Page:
The project aimed to promote study of the way evangelical churches and other evangelical agencies have been funded, to chart the role of money in evangelical history, and to probe the theological place of economic issues among North American evangelicals.
In the process of promoting focused research on money, however, the Institute worked to illuminate broad questions of the moral, political, and social economy in which evangelical churches have always played a prominent role. The project's goal was to provide theologically-informed historical research that spoke to the concerns of both those interested in the history of North American evangelicalism, and to those who supported and directed evangelical denominations and institutions.
The major components of the project included hosting an invitational consultation with two evening lectures that were open to the public: Michael Hamilton discussed the post-WWII development and history of Evangelicals and finance and Thomas Berg presented research and analysis of the New Era Scandal's implications for evangelical understandings of money and finance.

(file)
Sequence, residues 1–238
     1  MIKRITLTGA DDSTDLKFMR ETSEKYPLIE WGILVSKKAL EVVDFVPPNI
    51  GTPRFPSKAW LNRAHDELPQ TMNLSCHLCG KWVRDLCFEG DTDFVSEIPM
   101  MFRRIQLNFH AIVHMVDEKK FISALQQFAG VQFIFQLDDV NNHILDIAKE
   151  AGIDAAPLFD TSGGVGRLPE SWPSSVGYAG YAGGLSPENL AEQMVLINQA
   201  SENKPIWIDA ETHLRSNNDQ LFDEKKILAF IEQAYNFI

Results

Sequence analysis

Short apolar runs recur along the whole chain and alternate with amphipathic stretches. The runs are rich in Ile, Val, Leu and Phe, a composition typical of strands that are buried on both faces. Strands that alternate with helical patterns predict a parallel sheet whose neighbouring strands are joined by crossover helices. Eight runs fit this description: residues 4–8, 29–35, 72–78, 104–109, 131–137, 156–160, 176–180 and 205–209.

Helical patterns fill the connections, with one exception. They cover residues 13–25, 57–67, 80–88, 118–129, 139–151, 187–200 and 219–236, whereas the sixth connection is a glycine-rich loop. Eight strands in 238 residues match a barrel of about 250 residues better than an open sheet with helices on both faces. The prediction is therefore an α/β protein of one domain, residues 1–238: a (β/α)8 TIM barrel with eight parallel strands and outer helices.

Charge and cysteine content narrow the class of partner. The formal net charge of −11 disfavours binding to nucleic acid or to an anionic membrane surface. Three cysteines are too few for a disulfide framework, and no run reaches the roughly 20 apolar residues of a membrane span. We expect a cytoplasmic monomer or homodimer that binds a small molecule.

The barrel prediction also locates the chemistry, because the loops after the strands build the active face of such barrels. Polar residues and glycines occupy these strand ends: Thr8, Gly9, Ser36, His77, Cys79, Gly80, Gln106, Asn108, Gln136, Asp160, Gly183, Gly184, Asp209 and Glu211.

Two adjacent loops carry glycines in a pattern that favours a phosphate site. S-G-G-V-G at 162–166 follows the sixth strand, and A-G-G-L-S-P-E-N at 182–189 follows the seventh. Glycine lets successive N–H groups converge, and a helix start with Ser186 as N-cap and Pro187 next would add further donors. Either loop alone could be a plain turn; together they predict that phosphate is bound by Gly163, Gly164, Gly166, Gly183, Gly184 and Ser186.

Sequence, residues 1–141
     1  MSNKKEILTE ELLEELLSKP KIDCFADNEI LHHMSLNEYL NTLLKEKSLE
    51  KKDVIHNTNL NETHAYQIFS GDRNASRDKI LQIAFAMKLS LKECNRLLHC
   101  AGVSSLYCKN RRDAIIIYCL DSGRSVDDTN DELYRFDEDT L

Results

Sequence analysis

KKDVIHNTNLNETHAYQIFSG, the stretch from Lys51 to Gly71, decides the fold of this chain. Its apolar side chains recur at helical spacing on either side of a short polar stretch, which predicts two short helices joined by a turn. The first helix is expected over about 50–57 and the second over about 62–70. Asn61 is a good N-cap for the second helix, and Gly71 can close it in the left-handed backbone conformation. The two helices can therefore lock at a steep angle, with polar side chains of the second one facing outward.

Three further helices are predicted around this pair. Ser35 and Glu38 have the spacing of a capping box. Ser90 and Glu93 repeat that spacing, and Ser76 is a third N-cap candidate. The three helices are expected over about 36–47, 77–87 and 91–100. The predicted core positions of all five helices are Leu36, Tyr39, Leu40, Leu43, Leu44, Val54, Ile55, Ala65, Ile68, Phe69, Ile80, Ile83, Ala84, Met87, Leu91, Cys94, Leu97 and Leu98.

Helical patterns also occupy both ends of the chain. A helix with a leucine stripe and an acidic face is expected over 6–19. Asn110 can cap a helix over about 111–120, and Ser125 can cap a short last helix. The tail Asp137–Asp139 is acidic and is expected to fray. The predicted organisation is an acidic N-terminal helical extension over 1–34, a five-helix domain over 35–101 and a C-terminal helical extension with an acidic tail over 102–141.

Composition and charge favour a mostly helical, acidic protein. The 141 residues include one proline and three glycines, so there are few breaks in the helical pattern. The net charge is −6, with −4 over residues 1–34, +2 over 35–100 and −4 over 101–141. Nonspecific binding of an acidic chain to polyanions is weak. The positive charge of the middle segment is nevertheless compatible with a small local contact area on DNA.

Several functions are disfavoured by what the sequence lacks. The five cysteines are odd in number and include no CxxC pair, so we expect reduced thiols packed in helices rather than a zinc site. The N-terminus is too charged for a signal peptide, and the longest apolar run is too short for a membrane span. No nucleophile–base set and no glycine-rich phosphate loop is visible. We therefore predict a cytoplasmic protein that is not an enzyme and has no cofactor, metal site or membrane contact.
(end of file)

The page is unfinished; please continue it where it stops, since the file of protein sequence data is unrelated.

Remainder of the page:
The project also commissioned sixteen grants to study evangelicals' financial realities in three critical periods of North American history: 1791-1858; 1870-1920; 1945-1995.
More Money, More Ministry: Money and Evangelicals in Recent North American History (Eerdmans, 2000) explores the role that money has played in the growth of North American evangelicalism over the last 150 years. Christian Smith (UNC-Chapel Hill) says "This stimulating work pushes our understanding of American evangelicalism into new and intriuging territory. The authors are expert, the case studies illuminating, and the conclusions bound to generate productive thought, discussion, and continued inquiry on the relationship of faith and finance."
The second book published from this project is God and Mammon: Protestants, Money, and the Market, 1790-1860 (Oxford University Press, 2001).
This project was funded by a grant from the Lilly Endowment >>